4. telex76

    telex76 Doctor of Teleocity Silver Supporter

    Age:
    67
    Jun 24, 2006
    Fort Worth,Tx.
    If I couldn't afford $35 for the proper replacement, I'd get another hobby.

    I reuse the cardboard surrounds from old capacitors to preserve a vintage look, but I don't call that re-stuffing since you aren't using the actual can.
     
  5. hackworth1

    hackworth1 Friend of Leo's Vendor Member

    Very clever and well done.
     
  6. Robster

    Robster Tele-Holic

    996
    Feb 14, 2009
    Marietta, GA
    Nice job! I will try that next time. Where do you get high performance Panasonic caps?
     
  7. andyfromdenver

    andyfromdenver Friend of Leo's

    Dec 21, 2011
    grandpa's
  8. andyfromdenver

    andyfromdenver Friend of Leo's

    Dec 21, 2011
    grandpa's
    If I may add since it's a crafty thread, you can also just put the first two in there. Then, where your 100k plate resistors meet HT, run a 20/450 to a ground off the jacks or something in the upper R corner by the inputs. That separates them from a single ground by the power section.
     
  9. BobbyZ

    BobbyZ Doctor of Teleocity

    Jan 12, 2011
    Snellman MN
    I did the can restuff one time on a 62 Ampeg Reverberocket. That can was full of some kind of nasty tar. I spent I don't know how long cussing and drilling the stuff till I got it cleaned out.
    After that 35 bucks seem cheap to me !
    (looks like the newer caps don't have the tar though)

    On the Ampegs with the multi caps inside wrapped in tolet paper rolls I've use the covers for new caps and fill them with RTV.
     
  10. hackworth1

    hackworth1 Friend of Leo's Vendor Member

    Good call.
     
  11. Robster

    Robster Tele-Holic

    996
    Feb 14, 2009
    Marietta, GA
    I would add a sticker on the side of the cap can with the replacement date on it and the cap values. Make it easier for the next one to work on it.
     
  12. andyfromdenver

    andyfromdenver Friend of Leo's

    Dec 21, 2011
    grandpa's
    This was shown to me by a friend as a hum reduction too for the oldies. He replaced all the caps and the cap can and was still chasing hum.
    Then when he did that it stopped!
     
  13. Rod Parsons

    Rod Parsons Friend of Leo's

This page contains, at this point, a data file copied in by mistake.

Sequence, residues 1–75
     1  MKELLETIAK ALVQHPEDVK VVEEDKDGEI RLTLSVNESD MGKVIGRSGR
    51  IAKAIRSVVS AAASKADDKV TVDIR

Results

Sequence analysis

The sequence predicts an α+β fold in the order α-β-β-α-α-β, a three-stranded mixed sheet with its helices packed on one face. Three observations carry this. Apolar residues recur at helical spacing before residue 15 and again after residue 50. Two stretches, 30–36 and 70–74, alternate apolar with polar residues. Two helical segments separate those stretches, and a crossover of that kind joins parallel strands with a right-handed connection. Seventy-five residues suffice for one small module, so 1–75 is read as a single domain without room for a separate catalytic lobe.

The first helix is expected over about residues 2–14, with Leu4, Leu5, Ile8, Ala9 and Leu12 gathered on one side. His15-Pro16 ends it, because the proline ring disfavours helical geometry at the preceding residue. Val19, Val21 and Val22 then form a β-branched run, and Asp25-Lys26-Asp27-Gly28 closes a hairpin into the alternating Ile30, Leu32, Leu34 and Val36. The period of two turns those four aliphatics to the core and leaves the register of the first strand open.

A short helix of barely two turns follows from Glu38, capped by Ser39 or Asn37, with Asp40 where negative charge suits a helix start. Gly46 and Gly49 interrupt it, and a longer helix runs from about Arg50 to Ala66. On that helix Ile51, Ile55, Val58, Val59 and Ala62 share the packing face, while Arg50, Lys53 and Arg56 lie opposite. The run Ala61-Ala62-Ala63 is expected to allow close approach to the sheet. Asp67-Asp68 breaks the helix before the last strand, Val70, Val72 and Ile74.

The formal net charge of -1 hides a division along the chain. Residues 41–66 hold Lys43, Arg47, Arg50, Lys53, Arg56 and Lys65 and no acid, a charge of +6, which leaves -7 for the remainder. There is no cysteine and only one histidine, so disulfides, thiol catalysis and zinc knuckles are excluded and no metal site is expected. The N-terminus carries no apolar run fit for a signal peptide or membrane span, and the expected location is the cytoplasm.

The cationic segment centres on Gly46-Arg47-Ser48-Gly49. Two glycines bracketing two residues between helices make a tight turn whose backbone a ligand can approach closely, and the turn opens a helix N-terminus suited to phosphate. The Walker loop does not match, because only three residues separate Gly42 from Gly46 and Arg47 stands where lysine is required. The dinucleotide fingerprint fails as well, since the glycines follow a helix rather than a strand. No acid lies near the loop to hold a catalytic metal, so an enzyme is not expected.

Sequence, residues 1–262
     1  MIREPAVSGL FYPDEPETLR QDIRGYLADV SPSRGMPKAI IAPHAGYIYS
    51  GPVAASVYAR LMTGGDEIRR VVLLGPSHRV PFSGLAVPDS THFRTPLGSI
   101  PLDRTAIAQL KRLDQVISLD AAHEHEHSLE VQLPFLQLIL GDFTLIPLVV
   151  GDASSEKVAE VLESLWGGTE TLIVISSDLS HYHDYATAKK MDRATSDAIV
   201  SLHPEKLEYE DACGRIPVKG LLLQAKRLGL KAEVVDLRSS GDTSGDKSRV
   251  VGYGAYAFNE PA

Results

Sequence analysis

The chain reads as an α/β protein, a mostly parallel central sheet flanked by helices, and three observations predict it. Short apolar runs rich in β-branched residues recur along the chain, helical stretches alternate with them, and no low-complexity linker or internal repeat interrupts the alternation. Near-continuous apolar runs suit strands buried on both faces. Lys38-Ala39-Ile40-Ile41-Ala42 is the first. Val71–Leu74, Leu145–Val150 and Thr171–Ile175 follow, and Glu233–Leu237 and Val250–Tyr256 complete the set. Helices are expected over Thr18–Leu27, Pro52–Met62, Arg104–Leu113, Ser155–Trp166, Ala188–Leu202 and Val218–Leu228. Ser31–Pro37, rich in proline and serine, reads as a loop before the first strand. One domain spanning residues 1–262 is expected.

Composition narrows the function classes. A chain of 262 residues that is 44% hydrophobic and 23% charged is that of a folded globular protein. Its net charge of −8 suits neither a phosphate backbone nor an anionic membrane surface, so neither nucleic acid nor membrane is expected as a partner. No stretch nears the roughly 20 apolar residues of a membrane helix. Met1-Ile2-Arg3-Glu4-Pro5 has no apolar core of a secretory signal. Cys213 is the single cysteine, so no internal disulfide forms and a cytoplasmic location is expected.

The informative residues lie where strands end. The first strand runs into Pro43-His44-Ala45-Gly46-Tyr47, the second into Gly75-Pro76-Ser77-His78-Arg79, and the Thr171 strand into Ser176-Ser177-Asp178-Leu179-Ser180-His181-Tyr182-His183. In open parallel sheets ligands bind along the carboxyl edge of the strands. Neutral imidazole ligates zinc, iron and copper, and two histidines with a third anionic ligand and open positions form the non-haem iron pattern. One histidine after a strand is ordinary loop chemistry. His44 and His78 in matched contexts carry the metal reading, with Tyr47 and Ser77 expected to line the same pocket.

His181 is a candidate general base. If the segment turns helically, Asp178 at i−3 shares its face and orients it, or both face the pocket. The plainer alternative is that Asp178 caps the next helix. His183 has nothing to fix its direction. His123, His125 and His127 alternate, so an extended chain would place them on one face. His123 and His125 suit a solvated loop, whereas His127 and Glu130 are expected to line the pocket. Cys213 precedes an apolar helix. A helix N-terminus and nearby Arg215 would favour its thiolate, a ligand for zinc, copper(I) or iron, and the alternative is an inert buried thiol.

Age:
    71
    Sep 26, 2009
    Winchester, Va.
    Sure does seem silly to me if you can buy a high quality, made in USA can cap for $35.00. I don't see any benefit to going to all that trouble, unless the can caps were unavailable..... Are there real benefits? Are the caps that you are stuffing in the can actually 'better' in anyway... Then that would make sense. The 'stuffed can" might look authentic, but since it isn't, who would really care? It was a nice lesson, however, for someone, who couldn't get the can cap..
     
  14. TheRumRunner

    TheRumRunner Tele-Afflicted

    I might try this on a Traynor head that is in the que for a re-cap.

    I'll need to break out the BASI (big a$$ soldering iron) as the tabs are basically welded to the chassis. lol

    DW
     
  15. Crawfish

    Crawfish Tele-Afflicted Silver Supporter

    Apr 21, 2008
    Maryland, USA
    Wow. Go away for a day and look at all the comments.

    Thanks for all the kind words.

    I did this because I can. (Hee hee). I agree that new cans aren't that expensive - I've used them in other projects.

    The idea was to show that replacing the filter caps in gear that use them can be approached in a different way. It really only takes 30 minutes or so to do this. It's not so much about saving money. I'm not that much of a cheapskate.

    Robster: I put a tag in the amp with that info on it. Also, the caps I used are here: http://www.mouser.com/Search/Produc...Svirtualkey66720000virtualkey667-EEU-ED2W220S . Really good stuff and not that expensive.

    Hackworth: Thank you! Your threads are always great, and I appreciate the kind word.

    A couple folks mentioned tar in the caps. Some of them have it, some don't. Really old caps used in radios from the 1920s and 1930s may have been liquid filled. RCA and Philco used to make caps that were housed in a steel or bakelite block and then loaded with tar. You can melt some of the tar with a heat gun (or heat it in the oven) and then pop the whole thing out in one blob. Do it when the wife's not around!

    -Kevin
     
  16. muchxs

    muchxs Doctor of Teleocity

    Aug 14, 2004
    New England
    I'd be careful handling the crap inside old capacitors. PCBs doesn't just stand for "Printed Circuit Boards". Lotta this stuff was made back when sex was safe, motorcycles were dangerous and four outta five doctors recommended Camels for their patients who smoke.
     
  17. Telenut62

    Telenut62 Poster Extraordinaire

    Age:
    58
    Oct 29, 2008
    Eugowra, Australia
  18. Crawfish

    Crawfish Tele-Afflicted Silver Supporter

    Apr 21, 2008
    Maryland, USA
    Yes, excellent point, as always.

    I wear gloves and then drop the innards right into the trash.

    I think the worst offenders in this regard are the older ones - there were liquid in early electrolytics and who knows what else.

    -Kevin